Duber Mauriola Labán, the radio journalist who was kidnapped by a group of armed peasants in northwestern Peru on 27 December, was finally released yesterday as a result of a police operation.
Reporters Without Borders had written to interior minister Javier Reátegui Roselló on 28 December asking him to intervene to rescue Mauriola. The organisation reiterates its call for an investigation to identify those responsible for his abduction.
The local police said Mauriola bore the marks of blows on his face and body when rescued. After being abducted from a local radio station in Huancabamba (in the province of Piura), he was forced to walk for nearly 10 hours to the village of Huancacarpa, where his kidnappers left him tied up in the main square.
A police spokesman said the peasants who were holding Mauriola would not be prosecuted, but four people in Huancabamba have been detained for inciting the kidnapping.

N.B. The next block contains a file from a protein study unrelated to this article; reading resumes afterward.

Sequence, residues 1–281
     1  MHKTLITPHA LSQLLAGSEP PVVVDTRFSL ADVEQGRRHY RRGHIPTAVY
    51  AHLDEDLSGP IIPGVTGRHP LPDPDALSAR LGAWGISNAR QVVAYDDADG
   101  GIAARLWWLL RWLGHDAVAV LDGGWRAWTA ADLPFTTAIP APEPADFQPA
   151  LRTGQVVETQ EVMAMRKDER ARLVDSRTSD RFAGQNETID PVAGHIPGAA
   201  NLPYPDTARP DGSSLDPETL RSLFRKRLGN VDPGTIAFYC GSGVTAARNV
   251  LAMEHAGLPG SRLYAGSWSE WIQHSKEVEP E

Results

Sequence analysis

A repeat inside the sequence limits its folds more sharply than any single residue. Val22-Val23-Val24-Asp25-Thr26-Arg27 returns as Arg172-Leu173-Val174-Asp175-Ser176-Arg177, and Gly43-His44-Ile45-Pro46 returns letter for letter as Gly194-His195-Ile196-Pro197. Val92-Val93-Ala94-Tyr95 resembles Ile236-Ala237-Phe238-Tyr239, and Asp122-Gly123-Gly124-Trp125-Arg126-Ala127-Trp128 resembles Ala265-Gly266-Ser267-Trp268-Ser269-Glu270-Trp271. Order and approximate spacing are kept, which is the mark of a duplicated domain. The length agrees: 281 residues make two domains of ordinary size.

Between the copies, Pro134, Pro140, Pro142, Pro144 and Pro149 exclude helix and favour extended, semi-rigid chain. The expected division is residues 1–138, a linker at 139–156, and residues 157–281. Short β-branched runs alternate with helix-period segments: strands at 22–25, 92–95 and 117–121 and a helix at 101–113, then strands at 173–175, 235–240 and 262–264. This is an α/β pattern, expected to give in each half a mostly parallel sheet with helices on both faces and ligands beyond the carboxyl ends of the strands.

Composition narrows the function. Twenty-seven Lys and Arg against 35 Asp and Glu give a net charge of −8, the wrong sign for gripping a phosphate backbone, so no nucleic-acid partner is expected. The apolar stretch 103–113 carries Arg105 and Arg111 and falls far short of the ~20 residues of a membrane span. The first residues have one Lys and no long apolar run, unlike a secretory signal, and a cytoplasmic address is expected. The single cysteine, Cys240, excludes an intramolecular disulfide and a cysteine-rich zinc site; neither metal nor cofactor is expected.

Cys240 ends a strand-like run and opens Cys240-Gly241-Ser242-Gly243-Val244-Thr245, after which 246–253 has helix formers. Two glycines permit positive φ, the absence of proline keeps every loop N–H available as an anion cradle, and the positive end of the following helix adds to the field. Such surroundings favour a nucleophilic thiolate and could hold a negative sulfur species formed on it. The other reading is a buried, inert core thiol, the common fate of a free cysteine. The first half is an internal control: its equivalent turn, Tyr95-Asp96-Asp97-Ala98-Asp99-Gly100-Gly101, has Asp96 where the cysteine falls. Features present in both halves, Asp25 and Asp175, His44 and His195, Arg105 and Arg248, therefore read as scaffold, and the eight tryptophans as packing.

Peasants kidnap and beat radio journalist
Reporters Without Borders today urged the Peruvian authorities to move quickly to rescue journalist Duber Mauriola Labán, who was abducted from Radio Centinela in Huancabamba (in the northwestern province of Piura) by a group of angry peasants on 27 December. His family has had no word of him since an unsuccessful rescue attempt later that day.
"As this journalist’s life is in great danger, we call on you to act as quickly as possible to restore him to safety," the organisation said in a letter to interior minister Javier Reátegui Roselló. "We also ask you to order an investigation and keep us informed of its progress," the letter added.
Mauriola was abducted from the radio station on the morning of 27 December by some 50 local peasants armed with machetes, sticks and knives, who gave him a severe beating, undressed him and then made him walk to Huancacarpa, a hamlet several hours away.
Eight policemen tried to rescue him in the afternoon but were completely outnumbered and withdrew. A prosecutor and police reinforcements from Lima were being awaited in order to try to restore order but in the meantime Mauriola’s family know nothing of his fate.
The peasants, who are members of the Huancabamba self-defence committee, accuse Mauriola of defending the interests of the Majaz mining company, which they say is polluting the area. Self-defence committees were promoted between 1980 and 2000 as a way of combatting the Shining Path guerrillas in areas with few police.